Monday, April 1, 2013

DIY portable yarn case

Having done a lot of knitting with DROPS Baby Alpaca, I've had some issues with the very loosely wound skeins. They have a tendency to disintegrate and become a tangled mess in my knitting bag. Annoying. So I figured I would have to love to figure out a DIY solution, something lightweight and sturdy. And so I did! Now, I might have spotted something like this around the mighty interwebz at some point and the idea buried itself in my back drawer of inspiration... Or possibly, this photo of a bagel case that has done the Pinterest rounds lately might be where I got the idea, who knows. But I've had so many questions and comments about my case that I figured it deserved its own post anyway!
The construction process is simple: Find a CD/DVD spindle case you don't mind destroying repurposing. Make sure your skein will fit - there are many sizes available. Cut away the center pole in the base (now becoming the lid), leaving a hole in the center. Warning: this will take a sharp craft knife and some effort, as the plastic is quite sturdy. Some sort of power tool would probably make this task easier. Avoid cutting where the plastic is thickest and protect your fingers!! Missing fingers are not really an advantage for a knitter. Just saying.
Place your center-pull skein in the spindle case. You can see that mine is actually a perfect fit. Lucky me! For a bigger skein, use a bigger spindle case. Feed your yarn tail through the opening in the lid and screw it on.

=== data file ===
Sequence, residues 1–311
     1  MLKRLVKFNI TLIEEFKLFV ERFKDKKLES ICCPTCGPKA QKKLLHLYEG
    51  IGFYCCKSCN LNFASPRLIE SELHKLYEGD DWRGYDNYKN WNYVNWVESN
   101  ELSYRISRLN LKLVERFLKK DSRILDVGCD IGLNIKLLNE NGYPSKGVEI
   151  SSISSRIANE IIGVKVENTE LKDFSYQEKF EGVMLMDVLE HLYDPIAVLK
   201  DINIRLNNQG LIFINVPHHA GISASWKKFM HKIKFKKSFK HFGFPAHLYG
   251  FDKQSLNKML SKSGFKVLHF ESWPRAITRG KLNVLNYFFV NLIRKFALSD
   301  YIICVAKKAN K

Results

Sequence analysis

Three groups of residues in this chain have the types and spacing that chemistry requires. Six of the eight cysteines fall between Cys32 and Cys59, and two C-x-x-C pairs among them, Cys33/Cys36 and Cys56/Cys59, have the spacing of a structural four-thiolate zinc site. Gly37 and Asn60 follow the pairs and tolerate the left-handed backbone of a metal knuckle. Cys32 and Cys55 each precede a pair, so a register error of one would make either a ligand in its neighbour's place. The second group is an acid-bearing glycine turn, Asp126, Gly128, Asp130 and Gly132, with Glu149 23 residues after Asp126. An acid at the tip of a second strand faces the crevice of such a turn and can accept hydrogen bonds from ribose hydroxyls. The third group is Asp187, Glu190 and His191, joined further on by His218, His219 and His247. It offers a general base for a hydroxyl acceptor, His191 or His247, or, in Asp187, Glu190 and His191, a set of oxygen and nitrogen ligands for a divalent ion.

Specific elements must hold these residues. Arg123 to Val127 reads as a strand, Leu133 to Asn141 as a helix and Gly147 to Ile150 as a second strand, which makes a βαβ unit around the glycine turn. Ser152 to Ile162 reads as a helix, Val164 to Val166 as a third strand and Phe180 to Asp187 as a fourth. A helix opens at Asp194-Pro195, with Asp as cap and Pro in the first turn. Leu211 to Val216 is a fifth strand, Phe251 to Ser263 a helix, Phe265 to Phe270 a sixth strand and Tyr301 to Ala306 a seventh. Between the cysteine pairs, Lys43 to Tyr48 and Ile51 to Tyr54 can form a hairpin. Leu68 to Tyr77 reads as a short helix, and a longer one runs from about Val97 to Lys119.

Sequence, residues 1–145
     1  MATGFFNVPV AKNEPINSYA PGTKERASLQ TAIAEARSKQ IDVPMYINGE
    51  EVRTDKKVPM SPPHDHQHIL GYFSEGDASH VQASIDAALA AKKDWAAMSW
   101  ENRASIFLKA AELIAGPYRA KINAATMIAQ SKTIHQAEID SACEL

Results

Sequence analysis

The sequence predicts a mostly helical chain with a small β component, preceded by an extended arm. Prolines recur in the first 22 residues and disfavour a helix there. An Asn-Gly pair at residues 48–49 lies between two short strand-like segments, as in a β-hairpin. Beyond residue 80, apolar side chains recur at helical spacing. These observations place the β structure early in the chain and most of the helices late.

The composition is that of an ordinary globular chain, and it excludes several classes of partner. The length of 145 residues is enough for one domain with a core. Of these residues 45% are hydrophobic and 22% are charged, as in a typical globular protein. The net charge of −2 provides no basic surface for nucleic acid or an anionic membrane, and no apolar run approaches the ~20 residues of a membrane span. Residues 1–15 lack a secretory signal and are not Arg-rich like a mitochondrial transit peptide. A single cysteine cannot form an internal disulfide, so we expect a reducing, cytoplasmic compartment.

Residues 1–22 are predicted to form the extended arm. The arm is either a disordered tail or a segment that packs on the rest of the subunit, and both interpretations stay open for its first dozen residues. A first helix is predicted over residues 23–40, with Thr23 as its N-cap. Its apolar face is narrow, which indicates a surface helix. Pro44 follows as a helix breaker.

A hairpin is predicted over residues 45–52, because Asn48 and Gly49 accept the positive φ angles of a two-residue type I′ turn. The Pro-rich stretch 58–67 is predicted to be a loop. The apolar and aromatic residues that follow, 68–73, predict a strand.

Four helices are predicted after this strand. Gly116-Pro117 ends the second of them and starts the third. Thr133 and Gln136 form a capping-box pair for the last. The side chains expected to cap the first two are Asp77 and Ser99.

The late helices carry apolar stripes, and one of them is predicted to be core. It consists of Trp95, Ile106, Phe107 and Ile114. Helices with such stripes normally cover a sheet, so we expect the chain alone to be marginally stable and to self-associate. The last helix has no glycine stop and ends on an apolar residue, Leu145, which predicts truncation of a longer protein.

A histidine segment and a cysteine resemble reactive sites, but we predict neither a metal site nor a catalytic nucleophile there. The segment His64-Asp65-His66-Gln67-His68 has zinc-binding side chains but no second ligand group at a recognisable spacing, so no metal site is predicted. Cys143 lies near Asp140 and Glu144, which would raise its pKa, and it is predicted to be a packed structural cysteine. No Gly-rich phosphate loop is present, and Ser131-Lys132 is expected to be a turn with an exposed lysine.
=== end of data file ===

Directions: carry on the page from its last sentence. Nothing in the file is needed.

Ready to start knitting! If you pull out too much yarn, just unscrew the lid and pull the yarn back, coiling it in the center, and reattach the lid. With this design, you'll have to place new skeins in the case before joining the yarn to the knitting - once you've started knitting with it, it's too late. If this is a deal-breaker for you, I suppose you could cut a slit from edge to center hole and slip the yarn through it, but that would be more trouble than it's worth for my part. It may affect stability and create edges that could catch the yarn and damage it. This version is simple, strong and functional.
The finishing touch: However hard I tried, I could not cut or sand the opening smooth enough to keep the yarn from snagging, so here is my own solution: I mixed a large dollop of epoxy glue, spread it on the edge of the opening and rotated the lid so the epoxy coated the cut edge evenly all around and on both sides of the lid. This requires a few minutes of continuous attention, but epoxy hardens fairly quickly and after a while you can put it down for a few minutes before flipping or rotating it. Just don't ignore it for too long until it has properly stiffened. When cured, the epoxy is perfectly smooth, even with all those bubbles! The yarn slides out easily without any damage.
If any of you read this and make your own, I'd love to know! Leave me a link in the comments and I'll come and check it out. :)

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